With the new administration of President Joko Widodo committed to spending a greater share of the budget on improving the nation’s transport infrastructure and moves under way to provide an enhanced organisational and administrative framework for the sector, there is a new sense of energy with regards to transport in Indonesia. Indeed, with logistics costs equivalent to around 27% of GDP, any efforts to reduce this by boosting the efficiency of the transport sector could make a real difference to the country’s economic growth, in turn translating into increases in per capita incomes.
The government also sees a major role for the private sector in transport infrastructure development. Changes to the way public-private partnerships (PPPs) are handled are planned to boost confidence, as will a more widespread acknowledgment that government funding will often have to take centre stage. In addition, recent administrative reforms have created a much more positive atmosphere among investors, government officials and transport sector professionals, with the years ahead likely to see further initiatives get under way.
Facts & Figures
According to figures from Statistics Indonesia, the transport sector accounted for Rp112.5trn ($9.3bn) of GDP in 2014, up from Rp104.8trn ($8.66bn) in 2013 and Rp97.9trn ($8.09bn) in 2012. As a proportion of total GDP, the respective annual figures were 3.9% for 2014, 3.8% for 2013 and 3.7% for 2012. Broken down by transport type, roads took the largest share, at Rp47.7trn ($3.94bn) in 2014; while air was assessed at Rp24.2trn ($2bn); sea, Rp10.8trn ($892.73m); rail, Rp926.5bn ($76.58m); river, lake and ferry transport, Rp3.76trn ($310.8m); and allied services, Rp25.1trn ($2.07bn). The proportions were roughly the same in previous years.
Road transport also accounts for the largest share of transport costs in the country, according to a 2013 World Bank report, which looked at data from 2011. That year, the World Bank put road costs at 72.21% of the total for transport, followed by water at 19.66%, air at 1.44% and rail at 0.51%. A further study, by the Indonesian Chamber of Commerce and Industry, suggested that firms spend an average of 17% of their total expenditure on transport, while their regional peers generally spend less than 10%.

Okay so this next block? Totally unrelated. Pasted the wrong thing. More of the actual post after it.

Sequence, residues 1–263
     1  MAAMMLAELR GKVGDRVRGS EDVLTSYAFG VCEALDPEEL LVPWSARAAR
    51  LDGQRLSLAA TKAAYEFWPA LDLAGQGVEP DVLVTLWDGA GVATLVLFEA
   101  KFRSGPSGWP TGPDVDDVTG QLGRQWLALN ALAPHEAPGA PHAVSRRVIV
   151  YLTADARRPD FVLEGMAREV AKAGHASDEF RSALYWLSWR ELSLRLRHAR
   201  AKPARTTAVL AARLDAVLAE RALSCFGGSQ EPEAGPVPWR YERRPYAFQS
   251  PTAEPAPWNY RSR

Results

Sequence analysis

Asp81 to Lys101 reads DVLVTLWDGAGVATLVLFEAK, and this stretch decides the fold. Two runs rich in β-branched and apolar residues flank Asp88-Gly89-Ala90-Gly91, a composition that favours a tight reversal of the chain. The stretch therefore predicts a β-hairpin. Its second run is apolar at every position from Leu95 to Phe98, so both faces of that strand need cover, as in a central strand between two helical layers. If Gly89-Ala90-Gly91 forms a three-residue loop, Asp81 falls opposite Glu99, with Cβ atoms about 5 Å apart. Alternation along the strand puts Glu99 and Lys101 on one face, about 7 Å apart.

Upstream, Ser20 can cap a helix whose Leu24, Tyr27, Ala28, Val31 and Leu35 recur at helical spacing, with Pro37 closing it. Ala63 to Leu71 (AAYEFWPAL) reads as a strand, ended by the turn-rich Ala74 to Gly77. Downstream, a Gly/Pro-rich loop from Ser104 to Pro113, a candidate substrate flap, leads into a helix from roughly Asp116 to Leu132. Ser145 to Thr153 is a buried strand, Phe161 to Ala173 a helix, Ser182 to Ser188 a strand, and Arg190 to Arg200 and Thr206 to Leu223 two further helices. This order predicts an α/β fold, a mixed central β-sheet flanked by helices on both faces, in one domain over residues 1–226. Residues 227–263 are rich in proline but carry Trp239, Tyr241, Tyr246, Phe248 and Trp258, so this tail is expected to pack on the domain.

In terms of actual volumes moved, however, sea has taken by far the largest share of freight traffic. This is no great surprise when considering that Indonesia encompasses more than 17,500 islands. These islands spread on either side of the equator and have a wide stretch of water, divided into the western, Java Sea and the eastern, Banda Sea, running between them. The population is heavily concentrated on Java – the most densely populated island in the world – which was home to 143m people in 2014, or 57% of the country’s total. Other major population and economic centres are Sumatra and Kalimantan in the western half of the country, which spreads out over three time zones, and Sulawesi in the centre. The eastern half of the country, which includes Papua, Nusa Tenggara and Maluku, is generally poorer and more sparsely populated. Indonesia occupies a strategic location between the Indian and Pacific Oceans; shares maritime borders with Australia, the Philippines, Singapore, Malaysia; and, through the Riau Islands, also has a toehold in the South China Sea. Its only land borders are with Malaysia and Papua New Guinea.
According to figures from Frost & Sullivan for 2014, an estimated 1.04bn tonnes of freight was moved by sea in the country, up 4.3% year-on-year, while 25.5m tonnes went by rail (up 8.5%) and 1.34m tonnes by air (up 15.3%). With so much depending on sea traffic, the new government has given special priority to ports in its transport infrastructure development plans.
The main dedicated government institution in the sector is the Ministry of Transport, currently headed by Ignasius Jonan. The ministry is divided into four directorates general covering land, marine, aviation and rail transport, as well as an inspectorate general. Many other government ministries are involved in various aspects of transport, from the Ministries of Trade, Public Works, Agriculture, Environment and Industry to the Directorate General of Customs and Excise, the National Agency for Food and Drug Control, the animal and fish quarantine authorities, police and defence authorities.
Coordinating all these agencies to develop a national transport and logistics network and strategy has involved the State Ministry of National Development Planning (BAPPENAS) and the Coordinating Ministry for Economic Affairs. All these agencies played a role in the creation of the National Logistics System Development Blueprint and the Master Plan for the Acceleration and Expansion of the Economic Development of Indonesia (MP3EI). The latter is the country’s long-term development plan, issued in 2011 under the previous president, Susilo Bambang Yudhoyono, and scheduled to run until 2025. It aims to transform Indonesia into one of the world’s top 10 economies by that year, via real annual growth of 7-9%. The total investment needed to implement the plan is Rp4000trn ($330.64bn).